A grieving man received a Council Tax court summons for his partner who died two months ago.
Ron Roberts from Netherton says the summons is the “final insult” to his partner, Judy Mason, following a “catalogue of problems” with Sefton Council dating back several years.
Ron and his late partner Judy, who had several chronic health issues and was registered blind, said his past issues with the council involved waiting two years for bathroom renovations on their home.
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After their story was highlighted in the Liverpool ECHO in 2019, where Ron and Judy claimed they had been told to “use the gym” to wash, Ron said within days a new bathroom had been fitted.
However, the couple were also in dispute with the council over Judy’s care package, which Ron claimed did not help her with the social aspects of her life and only focused on personal care, leaving his partner “missing out on her independence, on taking part in her community.”
As a result of the disputes Judy had with Sefton Council, Ron said she had refused to pay her Council Tax since 2019.
He said she was “waiting for her day in court” to explain how she felt about the way she was treated by the council and expecting a summons.
However, in June this year Judy went in for surgery to remove a toe, and after a number of delays to her surgery due to the pandemic, she then contracted covid while in hospital.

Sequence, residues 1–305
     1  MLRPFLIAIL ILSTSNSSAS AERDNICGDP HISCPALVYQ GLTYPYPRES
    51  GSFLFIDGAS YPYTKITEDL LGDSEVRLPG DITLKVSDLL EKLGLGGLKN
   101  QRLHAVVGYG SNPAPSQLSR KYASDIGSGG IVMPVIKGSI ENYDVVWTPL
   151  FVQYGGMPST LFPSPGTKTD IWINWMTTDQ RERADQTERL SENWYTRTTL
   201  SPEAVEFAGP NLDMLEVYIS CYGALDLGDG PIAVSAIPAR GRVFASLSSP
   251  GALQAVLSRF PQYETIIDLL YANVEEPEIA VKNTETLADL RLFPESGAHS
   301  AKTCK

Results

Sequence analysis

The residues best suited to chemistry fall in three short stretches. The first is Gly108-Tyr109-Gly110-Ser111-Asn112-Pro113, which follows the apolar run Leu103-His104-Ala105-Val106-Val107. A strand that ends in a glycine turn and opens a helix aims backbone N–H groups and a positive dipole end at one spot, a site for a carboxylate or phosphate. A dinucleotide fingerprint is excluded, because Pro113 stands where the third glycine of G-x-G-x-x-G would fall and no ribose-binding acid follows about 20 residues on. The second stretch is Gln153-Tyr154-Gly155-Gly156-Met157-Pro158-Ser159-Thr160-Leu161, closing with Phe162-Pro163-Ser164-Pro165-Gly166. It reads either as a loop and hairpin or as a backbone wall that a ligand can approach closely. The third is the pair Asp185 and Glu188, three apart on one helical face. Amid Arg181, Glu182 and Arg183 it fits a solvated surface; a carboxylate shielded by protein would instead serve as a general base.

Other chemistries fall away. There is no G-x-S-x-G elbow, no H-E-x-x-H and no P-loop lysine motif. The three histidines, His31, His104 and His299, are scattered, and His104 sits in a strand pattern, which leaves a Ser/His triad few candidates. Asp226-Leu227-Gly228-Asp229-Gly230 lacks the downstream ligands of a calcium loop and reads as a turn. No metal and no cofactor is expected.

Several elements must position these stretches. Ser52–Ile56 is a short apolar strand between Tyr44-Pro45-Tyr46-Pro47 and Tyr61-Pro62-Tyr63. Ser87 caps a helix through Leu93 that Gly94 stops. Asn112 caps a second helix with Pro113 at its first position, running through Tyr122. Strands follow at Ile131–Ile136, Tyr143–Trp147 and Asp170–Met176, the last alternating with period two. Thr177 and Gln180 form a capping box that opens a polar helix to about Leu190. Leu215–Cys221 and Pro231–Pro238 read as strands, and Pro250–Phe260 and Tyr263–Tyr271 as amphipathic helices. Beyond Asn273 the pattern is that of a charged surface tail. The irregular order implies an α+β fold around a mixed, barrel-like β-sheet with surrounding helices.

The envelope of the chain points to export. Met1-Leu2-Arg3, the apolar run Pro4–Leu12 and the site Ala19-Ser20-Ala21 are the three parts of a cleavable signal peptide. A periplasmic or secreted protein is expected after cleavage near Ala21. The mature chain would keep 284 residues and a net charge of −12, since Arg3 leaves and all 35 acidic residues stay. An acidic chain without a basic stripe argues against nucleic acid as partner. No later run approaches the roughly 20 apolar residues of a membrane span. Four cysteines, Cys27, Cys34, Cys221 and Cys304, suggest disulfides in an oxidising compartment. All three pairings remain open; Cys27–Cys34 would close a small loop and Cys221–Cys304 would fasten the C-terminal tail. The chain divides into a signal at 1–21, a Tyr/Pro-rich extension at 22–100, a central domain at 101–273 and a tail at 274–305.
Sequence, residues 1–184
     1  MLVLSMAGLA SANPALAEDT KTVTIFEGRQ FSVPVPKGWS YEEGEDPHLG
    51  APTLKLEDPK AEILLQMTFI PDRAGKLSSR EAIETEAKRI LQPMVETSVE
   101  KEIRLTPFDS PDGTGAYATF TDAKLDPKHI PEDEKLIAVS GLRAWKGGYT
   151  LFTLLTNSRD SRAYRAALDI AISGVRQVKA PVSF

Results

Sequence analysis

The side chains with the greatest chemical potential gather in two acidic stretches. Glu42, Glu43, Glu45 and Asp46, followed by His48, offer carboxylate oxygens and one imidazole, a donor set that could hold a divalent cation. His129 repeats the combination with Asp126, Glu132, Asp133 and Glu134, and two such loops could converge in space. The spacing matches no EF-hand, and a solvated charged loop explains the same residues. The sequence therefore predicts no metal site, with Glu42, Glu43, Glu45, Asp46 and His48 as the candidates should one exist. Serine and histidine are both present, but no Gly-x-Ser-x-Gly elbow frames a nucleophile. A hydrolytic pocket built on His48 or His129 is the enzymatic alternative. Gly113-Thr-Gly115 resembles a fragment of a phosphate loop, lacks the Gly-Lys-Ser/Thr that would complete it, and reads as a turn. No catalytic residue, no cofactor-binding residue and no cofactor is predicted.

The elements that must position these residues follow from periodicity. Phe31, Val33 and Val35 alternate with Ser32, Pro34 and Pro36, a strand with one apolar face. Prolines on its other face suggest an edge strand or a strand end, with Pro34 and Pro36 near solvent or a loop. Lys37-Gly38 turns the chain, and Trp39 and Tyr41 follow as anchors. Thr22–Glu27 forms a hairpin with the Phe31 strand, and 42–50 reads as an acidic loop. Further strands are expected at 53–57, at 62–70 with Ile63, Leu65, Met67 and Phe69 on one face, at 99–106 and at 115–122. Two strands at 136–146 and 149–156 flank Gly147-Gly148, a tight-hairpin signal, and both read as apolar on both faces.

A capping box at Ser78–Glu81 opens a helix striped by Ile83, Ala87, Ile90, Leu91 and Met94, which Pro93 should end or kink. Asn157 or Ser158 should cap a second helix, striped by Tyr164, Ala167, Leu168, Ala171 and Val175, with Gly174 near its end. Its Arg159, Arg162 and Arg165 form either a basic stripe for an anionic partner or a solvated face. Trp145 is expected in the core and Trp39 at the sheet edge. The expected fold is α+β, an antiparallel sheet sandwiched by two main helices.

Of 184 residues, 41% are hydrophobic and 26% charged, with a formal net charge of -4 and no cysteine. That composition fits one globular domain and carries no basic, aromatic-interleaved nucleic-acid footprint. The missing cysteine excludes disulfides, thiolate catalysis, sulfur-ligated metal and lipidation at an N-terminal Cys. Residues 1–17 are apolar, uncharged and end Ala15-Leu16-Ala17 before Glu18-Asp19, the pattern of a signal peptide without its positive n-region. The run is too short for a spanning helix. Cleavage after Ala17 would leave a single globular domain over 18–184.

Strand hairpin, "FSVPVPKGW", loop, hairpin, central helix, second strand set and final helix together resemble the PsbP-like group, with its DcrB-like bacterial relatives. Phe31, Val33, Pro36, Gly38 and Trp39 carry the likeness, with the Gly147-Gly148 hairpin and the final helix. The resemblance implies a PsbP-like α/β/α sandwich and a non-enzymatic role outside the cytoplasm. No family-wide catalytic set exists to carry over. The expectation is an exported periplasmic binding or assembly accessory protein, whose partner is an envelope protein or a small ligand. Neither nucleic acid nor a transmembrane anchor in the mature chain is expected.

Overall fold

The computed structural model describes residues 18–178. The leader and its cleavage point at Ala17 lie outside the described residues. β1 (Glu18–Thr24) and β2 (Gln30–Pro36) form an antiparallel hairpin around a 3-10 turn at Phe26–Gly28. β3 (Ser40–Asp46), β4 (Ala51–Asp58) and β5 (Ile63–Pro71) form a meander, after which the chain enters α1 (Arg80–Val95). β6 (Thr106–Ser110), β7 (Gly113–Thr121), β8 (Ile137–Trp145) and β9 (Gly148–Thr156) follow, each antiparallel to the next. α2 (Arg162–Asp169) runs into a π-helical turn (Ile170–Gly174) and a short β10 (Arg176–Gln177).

Ron said: “She was very poorly and she survived it, I used to sit outside the covid ward in the Royal speaking to her over the phone. It was a very scary time.”
Judy was then transferred to Aintree Hospital for rehabilitation, where in September she suffered a series of bleeds on the brain, tragically dying as Ron held her hand on September 29.
Ron said that since then his “world has fallen apart” and he has struggled to deal with the grief of losing his beloved partner of 21 years.
When he opened a letter last week addressed to his partner to find a court summons for Judy’s unpaid council tax it “just added to the devastation.”
He said: “It was the final insult to Judy, after everything they put her through.
“We were ignored for years by Sefton Council, so she made a stand about how she had been treated and refused to pay Council Tax.
Ron claims Sefton Council had been informed of her death before the letter had been sent out and receiving it has made him “feel like giving up.”
He said: “It just feels like the odds were stacked against us and now she’s gone.
“We were treated like dirt, Judy was treated like that in life and now she is in her death too.
“They were definitely aware she is dead. I’ve made an appointment to speak to someone at the council before the court date.
If you have been affected by any of the details mentioned in this story there are people who can help you.
Most people grieve when they lose something or someone important to them.
The way grief affects you depends on lots of things, including what kind of loss you have suffered, your upbringing, your beliefs or religion, your age, your relationships, and your physical and mental health.
Grieving is a totally normal process but there are way to get help if you need support.
Your GP is a good place to start. They can give you advice about other support services, refer you to a counsellor, or prescribe medication if needed.
Or you can contact support organisations directly, such as Cruse Bereavement Care (0808 808 1677) Samaritans (116 123) or Love Jasmine.
“It’s so sad, Judy would have gone and given them what for what they’ve done, they’ve never shown us any decency and they still aren’t now.
“She was beautiful inside and out, I feel lost without her, we were a team, Ron and Judy, and now it’s just Ron.
“I have to keep fighting for Judy, she deserved better.”
Sefton Council were approached for comment but said they “do not comment on individual cases.”
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